In This Issue:
1. Editor's Note: Reckoning On Robots
2. Today's Top Story
- AMD Makes Energy Efficiency Power Play
- AMD Updates Opteron, Turion Road Maps
3. Breaking News
- Is Blogging About To Peak? Gartner Says 'Yes'
- Are iTunes Sales Up, Or Down?
- Microsoft Updates Vista To Block 'Frankenbuild' Counterfeits
- ICANN Awards NeuStar Control Over .biz Registry Until 2012
- Report: Mobile Enterprise Market Will Grow 23% Annually To $3.5 Billion In 2010
- Exploit Code Targets Third Microsoft Zero-Day Word Bug
- Google Launches Patent Search
- Google Customizes IE 7, Posts Firefox Toolbar Beta
- Symantec Looks To Data Protection, Antivirus Services To Help Double Revenue
- New IBM Software Will Help The Blind Use Computers
- Microsoft Opens Free Phone Support For Vista Previews
- AOL's Layoffs Hit Virginia HQ And Tucson Operation
4. In Depth:
- New Version Of QuickBooks Enterprise Is All Grown Up
- Review: Netgear's Powerline Adapter Offers An Alternative To Wireless
- Review: LSI SAS Card Geared For High Performance
- Review: Asustek And Micro-Star Let You Work In The Laptop Of Luxury
5. Voice Of Authority
- He Said, She Said, Apple Didn't Say
6. White Papers
- 17 Rules For Successful User Management And Provisioning
7. Get More Out Of InformationWeek
8. Manage Your Newsletter Subscription
Quote Of The Day:
"Science, my lad, is made up of mistakes, but they are mistakes which it is useful to make, because they lead little by little to the truth." Jules Verne
1. Editor's Note: Reckoning On Robots
Robots have always fascinated me: From Robby the Robot (who starred in the classic science fiction film Forbidden Planet), to the inhuman but highly effective mechanisms that build our automobiles, to the current crop of scientific toys that are available for hobbyists and experimenters. In fact, I actually wrote a book about robots back in 1982 titled Robots: Reel to Real a book so out of date that I'm embarrassed when I see it sitting on a library shelf.
That's why I'm always interested in news items such as Microsoft Launches Its First Robotics Toolkit. According to the article, the toolkit, called Microsoft Robotics Studio, is a Windows-based development environment for building software for a variety of platforms. It's a free software package that lets developers program their robotic creations more easily.
Whenever I see something like that, I think of all the enthusiasts who have spent countless hours building and programming robotic mechanisms that climb stairs, or respond to voice commands, or negotiate a maze, or dance, or do a number of other interesting tasks. Do a search on "robot" in YouTube's Science & Technology category and you'll find some interesting videos of robotic feats.
In fact, there are a vast number of robotic toys, kits, and equipment available out there some of which are accessible even to those of us who don't have the programming or building skills to create our own from scratch. In this year's Ultimate Holiday Gift Guide alone, there were three robotic gift suggestions: the ThinkGeek USB Snowbot (which is essentially a snazzy-looking toy), the Nabaztag (an electronic rabbit which serves as a fun PC add-on), and the programmable 914 PC-BOT.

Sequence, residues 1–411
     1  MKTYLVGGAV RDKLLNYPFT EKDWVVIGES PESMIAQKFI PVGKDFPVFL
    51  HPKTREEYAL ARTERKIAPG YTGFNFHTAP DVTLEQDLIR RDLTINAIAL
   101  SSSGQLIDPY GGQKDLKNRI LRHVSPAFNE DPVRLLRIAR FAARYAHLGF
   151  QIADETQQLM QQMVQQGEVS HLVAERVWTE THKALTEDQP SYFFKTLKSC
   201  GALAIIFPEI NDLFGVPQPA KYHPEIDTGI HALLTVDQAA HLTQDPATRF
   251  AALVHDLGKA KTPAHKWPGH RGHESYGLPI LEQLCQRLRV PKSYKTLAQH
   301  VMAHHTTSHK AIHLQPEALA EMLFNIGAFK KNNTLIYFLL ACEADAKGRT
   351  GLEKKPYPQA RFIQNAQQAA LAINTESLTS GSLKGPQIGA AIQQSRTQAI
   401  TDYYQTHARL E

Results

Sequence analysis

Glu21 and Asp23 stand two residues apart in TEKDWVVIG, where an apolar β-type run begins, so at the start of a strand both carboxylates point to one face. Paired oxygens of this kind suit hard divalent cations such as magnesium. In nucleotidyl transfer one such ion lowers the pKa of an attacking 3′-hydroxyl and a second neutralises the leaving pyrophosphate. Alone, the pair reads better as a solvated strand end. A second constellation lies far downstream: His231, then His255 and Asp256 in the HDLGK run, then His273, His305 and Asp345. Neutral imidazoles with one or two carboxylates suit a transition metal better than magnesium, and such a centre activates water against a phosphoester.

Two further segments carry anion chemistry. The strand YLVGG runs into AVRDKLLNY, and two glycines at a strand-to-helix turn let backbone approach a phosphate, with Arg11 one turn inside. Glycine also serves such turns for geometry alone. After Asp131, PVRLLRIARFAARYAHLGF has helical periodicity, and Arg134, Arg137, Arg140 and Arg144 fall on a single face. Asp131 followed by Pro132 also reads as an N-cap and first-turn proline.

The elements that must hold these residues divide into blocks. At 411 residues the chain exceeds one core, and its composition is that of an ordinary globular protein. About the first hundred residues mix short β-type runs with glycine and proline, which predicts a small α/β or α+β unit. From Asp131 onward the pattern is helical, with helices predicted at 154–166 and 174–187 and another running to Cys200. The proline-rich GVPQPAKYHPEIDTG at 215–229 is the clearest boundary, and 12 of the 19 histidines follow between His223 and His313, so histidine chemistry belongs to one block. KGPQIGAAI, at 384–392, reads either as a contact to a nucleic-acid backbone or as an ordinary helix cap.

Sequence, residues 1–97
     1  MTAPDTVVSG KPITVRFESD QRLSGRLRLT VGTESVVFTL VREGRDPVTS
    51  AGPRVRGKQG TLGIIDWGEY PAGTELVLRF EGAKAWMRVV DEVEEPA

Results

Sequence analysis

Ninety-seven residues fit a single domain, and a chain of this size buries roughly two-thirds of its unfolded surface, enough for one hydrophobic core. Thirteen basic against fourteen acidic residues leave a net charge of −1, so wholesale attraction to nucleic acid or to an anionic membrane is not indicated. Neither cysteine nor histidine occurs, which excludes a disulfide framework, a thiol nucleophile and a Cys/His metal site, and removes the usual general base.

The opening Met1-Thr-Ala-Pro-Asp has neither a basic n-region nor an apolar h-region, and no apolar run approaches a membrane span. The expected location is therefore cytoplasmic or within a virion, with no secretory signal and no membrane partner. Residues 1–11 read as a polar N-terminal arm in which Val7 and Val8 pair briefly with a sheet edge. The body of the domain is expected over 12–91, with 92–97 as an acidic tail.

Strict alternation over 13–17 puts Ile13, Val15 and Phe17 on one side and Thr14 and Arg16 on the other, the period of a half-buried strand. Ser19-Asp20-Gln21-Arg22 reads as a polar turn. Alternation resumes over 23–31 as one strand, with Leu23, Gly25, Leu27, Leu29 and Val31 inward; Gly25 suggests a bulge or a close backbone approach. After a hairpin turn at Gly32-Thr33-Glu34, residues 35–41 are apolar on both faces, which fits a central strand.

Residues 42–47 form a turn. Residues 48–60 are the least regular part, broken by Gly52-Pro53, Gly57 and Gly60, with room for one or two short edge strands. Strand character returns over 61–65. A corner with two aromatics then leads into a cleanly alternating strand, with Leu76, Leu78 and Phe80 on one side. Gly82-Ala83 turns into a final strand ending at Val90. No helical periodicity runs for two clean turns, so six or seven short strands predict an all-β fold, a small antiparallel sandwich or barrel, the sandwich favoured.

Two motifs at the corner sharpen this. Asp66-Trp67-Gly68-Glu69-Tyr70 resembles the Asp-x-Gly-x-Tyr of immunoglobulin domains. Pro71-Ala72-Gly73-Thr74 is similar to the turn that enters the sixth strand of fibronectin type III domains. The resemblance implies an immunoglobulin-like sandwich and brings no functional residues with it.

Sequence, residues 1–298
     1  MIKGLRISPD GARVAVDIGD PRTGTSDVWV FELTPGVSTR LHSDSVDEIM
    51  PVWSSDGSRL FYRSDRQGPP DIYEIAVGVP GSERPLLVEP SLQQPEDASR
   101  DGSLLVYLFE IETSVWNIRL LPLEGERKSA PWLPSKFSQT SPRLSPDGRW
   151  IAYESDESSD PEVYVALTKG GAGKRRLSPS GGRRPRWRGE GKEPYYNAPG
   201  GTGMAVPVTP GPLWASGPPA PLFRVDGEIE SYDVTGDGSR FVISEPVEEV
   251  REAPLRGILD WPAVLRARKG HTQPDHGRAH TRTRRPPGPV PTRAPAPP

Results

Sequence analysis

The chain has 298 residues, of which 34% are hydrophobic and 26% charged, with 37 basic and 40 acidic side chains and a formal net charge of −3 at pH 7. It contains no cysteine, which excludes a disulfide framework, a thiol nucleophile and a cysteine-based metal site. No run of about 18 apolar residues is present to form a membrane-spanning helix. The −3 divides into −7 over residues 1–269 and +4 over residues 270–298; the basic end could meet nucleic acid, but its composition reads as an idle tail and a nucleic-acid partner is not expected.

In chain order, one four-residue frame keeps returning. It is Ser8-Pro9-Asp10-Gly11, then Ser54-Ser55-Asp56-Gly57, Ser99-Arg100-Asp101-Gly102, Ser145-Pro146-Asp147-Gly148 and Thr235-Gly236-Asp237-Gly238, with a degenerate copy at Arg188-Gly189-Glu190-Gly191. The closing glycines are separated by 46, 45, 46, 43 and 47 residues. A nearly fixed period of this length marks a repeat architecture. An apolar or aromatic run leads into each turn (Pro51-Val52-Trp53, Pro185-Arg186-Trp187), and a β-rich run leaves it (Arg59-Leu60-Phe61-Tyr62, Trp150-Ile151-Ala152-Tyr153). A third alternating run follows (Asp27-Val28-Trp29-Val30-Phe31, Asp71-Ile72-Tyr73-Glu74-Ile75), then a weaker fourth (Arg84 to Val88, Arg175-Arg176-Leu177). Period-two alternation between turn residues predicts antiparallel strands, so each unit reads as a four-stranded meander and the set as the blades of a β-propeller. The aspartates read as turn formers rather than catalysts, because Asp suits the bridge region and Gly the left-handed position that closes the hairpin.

Robotics is actually a serious science that is developed by industry, at NASA's Jet Propulsion Laboratory, and in a multitude of labs around the world. But because robots offer a melding of human and electronic brain and brawn (not necessarily in that order), it's a subject that remains fascinating.
Are you interested in robots? Have you ever built one? Or do you simply like watching them on the silver screen? Let us know by going to the blog entry for this editor's note.
AMD Updates Opteron, Turion Road Maps
AMD had already announced that its first native quad-core offering will come out in the middle of next year. That will be followed by Shanghai in the first half of 2008, which will feature HyperTransport 3.0.
3. Breaking News
Is Blogging About To Peak? Gartner Says 'Yes'
Less than 2% of all Internet users are frequent content contributors, while between 10% and 15% contribute occasionally and more than 50% are reading or watching what the communities are discussing, Gartner reports.
The business advantages for SOA/Web services adoption are clear, but SOA/Web services deployment is challenging. Learn how more than 200 companies plan to overcome adoption challenges in this InformationWeek research brief.
Managing Privacy Issues
Learn how your peers are protecting customer data and managing privacy issues in the InformationWeek/Accenture Global Information Security survey of more than 2,000 technology and security professionals.
He Said, She Said, Apple Didn't Say
Are iTunes sales collapsing? Yesterday Reuters reported they are, and quoted Forrester Research. Forrester denied it ever said it. Apple, as is its wont, didn't say.
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IT's Reputation: What the Data SaysInformationWeek's IT Perception Survey seeks to quantify how IT thinks it's doing versus how the business really views IT's performance in delivering services - and, more important, powering innovation. Our results suggest IT leaders should worry less about whether they're getting enough resources and more about the relationships they have with business unit peers.
What The Business Really Thinks Of IT: 3 Hard TruthsThey say perception is reality. If so, many in-house IT departments have reason to worry. InformationWeek's IT Perception Survey seeks to quantify how IT thinks it's doing versus how the business views IT's performance in delivering services - and, more important, powering innovation. The news isn't great.